I bought my currant house in Vancouver for 250,000 in 2000, that was a stupid price for an ex grow op in east Van in my mind but it was the cheapest I could find that fulfilled my needs at the time. It was (and is) a terrible house that I've worked on over the years.
afc wimbledon is offline   Reply With Quote
Old 05-16-2017, 03:17 PM   #53
Enoch Root
Franchise Player
 
Join Date: May 2012
Exp:
Default

Quote:
Originally Posted by blankall View Post
The issue today is that "bottom" time period you are talking about is now extending into people's 30s and 40s.

The issue is massive foreign investment and poor government planning. Houses in places like Coquitlam are going for well over a 1 million.
As it did then. As it always has.
Enoch Root is offline   Reply With Quote
Old 05-16-2017, 03:18 PM   #54
Bill Bumface
My face is a bum!
 
Bill Bumface's Avatar
 
Join Date: Feb 2003
Exp:
Default

My family seemed to be pretty run-of-the-mill middle class growing up.

-My parents rented until their 30s. Everyone thinks they "deserve" to own a home right out of school
-As a family, we took two flights for vacation during the time we lived at home. It seems air travel on an annual basis is now "deserved"
-We had 2 new cars ever, with a lot of beaters in between, besides when my dad got cars for work. Not new Mercedes leased every couple years. The amount of 20 year olds driving luxury cars is nuts.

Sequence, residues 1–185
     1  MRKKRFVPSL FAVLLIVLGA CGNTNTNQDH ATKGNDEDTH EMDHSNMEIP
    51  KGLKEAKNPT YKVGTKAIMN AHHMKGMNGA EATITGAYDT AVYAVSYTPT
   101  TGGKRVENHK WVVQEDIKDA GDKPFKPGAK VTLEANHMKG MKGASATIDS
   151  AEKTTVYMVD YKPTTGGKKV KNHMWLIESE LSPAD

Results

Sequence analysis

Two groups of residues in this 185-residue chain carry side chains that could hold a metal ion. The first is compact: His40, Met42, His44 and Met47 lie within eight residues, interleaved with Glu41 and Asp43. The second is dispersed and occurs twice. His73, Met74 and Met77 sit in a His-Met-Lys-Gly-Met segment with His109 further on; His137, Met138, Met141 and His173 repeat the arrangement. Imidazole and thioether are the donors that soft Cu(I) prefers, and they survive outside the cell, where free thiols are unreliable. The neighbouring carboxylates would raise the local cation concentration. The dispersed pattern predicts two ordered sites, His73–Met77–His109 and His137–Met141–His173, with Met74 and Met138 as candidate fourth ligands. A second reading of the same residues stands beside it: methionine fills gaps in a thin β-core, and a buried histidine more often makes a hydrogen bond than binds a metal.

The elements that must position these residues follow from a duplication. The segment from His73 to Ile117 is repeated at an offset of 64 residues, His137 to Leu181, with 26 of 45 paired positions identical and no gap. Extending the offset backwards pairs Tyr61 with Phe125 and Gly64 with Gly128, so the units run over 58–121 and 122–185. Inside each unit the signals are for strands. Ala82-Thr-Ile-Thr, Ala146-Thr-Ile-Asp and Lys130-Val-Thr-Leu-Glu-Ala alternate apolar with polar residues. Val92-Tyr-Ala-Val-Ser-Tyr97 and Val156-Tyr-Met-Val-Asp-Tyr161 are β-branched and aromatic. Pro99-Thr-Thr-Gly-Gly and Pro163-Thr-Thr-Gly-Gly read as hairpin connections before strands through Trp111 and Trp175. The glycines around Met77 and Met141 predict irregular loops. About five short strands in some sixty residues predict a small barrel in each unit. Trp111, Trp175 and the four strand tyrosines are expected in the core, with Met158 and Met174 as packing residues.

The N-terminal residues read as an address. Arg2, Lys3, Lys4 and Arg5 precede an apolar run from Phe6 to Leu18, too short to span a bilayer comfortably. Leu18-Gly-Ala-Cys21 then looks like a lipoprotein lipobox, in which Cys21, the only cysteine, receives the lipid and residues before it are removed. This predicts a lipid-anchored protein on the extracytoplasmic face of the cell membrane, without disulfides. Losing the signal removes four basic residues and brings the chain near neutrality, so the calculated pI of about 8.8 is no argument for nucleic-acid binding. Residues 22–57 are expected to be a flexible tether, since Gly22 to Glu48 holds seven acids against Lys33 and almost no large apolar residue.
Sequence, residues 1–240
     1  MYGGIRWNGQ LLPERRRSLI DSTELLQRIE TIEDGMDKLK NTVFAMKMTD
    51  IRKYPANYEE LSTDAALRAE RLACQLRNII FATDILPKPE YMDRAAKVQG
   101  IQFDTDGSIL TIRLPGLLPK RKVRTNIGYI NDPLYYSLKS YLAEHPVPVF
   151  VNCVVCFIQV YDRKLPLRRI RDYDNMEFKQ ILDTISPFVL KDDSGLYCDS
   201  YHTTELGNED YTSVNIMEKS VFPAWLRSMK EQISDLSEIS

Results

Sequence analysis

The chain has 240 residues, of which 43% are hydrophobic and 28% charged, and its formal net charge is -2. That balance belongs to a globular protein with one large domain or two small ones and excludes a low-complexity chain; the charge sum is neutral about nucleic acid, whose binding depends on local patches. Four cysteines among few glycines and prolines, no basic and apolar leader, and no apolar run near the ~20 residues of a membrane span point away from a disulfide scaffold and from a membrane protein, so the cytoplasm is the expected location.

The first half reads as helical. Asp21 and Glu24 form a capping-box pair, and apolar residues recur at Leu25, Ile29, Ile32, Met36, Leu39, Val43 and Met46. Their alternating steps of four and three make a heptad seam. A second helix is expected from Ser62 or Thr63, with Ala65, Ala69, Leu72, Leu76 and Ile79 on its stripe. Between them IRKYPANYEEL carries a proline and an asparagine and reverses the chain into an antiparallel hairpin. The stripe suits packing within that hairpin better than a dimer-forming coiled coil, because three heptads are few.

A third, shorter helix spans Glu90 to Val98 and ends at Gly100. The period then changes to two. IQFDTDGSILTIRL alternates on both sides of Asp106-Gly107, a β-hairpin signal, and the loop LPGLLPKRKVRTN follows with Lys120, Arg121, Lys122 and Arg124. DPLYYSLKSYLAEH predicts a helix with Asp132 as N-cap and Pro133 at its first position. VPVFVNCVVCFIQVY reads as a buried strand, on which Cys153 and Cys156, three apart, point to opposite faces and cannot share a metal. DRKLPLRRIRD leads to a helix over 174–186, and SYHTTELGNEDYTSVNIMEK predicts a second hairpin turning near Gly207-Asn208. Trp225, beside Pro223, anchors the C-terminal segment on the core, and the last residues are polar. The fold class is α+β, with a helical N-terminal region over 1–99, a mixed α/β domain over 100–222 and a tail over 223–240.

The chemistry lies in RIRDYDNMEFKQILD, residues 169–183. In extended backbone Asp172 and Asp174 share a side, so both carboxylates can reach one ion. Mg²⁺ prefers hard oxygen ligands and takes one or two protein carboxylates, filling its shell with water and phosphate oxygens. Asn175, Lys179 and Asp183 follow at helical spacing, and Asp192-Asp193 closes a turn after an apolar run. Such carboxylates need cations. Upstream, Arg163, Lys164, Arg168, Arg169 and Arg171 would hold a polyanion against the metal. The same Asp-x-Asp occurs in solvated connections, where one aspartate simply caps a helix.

-I shared a cell phone with my mom
-I was on the hook to pay for my own school
-Dinners out were every couple of months, not every week

My friend's families all seemed roughly similar.

This isn't that long ago.

To me, it seems the standard of living has never been higher. Just as my parents had way less as kids than we did.

The whining may have increased a bit however. Everyone "deserves" everything now.
Bill Bumface is offline   Reply With Quote
Old 05-16-2017, 03:18 PM   #55
peter12
Franchise Player
 
peter12's Avatar
 
Join Date: Jul 2002
Exp:
Default

Doesn't anybody really believe the preachy nonsense they are saying?

It is absolutely undeniable that things are harder for the under 35 generation. Wages have stagnated since the 1970s, home prices and rents are much higher...
peter12 is offline   Reply With Quote
The Following 3 Users Say Thank You to peter12 For This Useful Post:
Old 05-16-2017, 03:19 PM   #56
blankall
Ate 100 Treadmills
 
blankall's Avatar
 
Join Date: Mar 2006
Exp:
Default

Quote: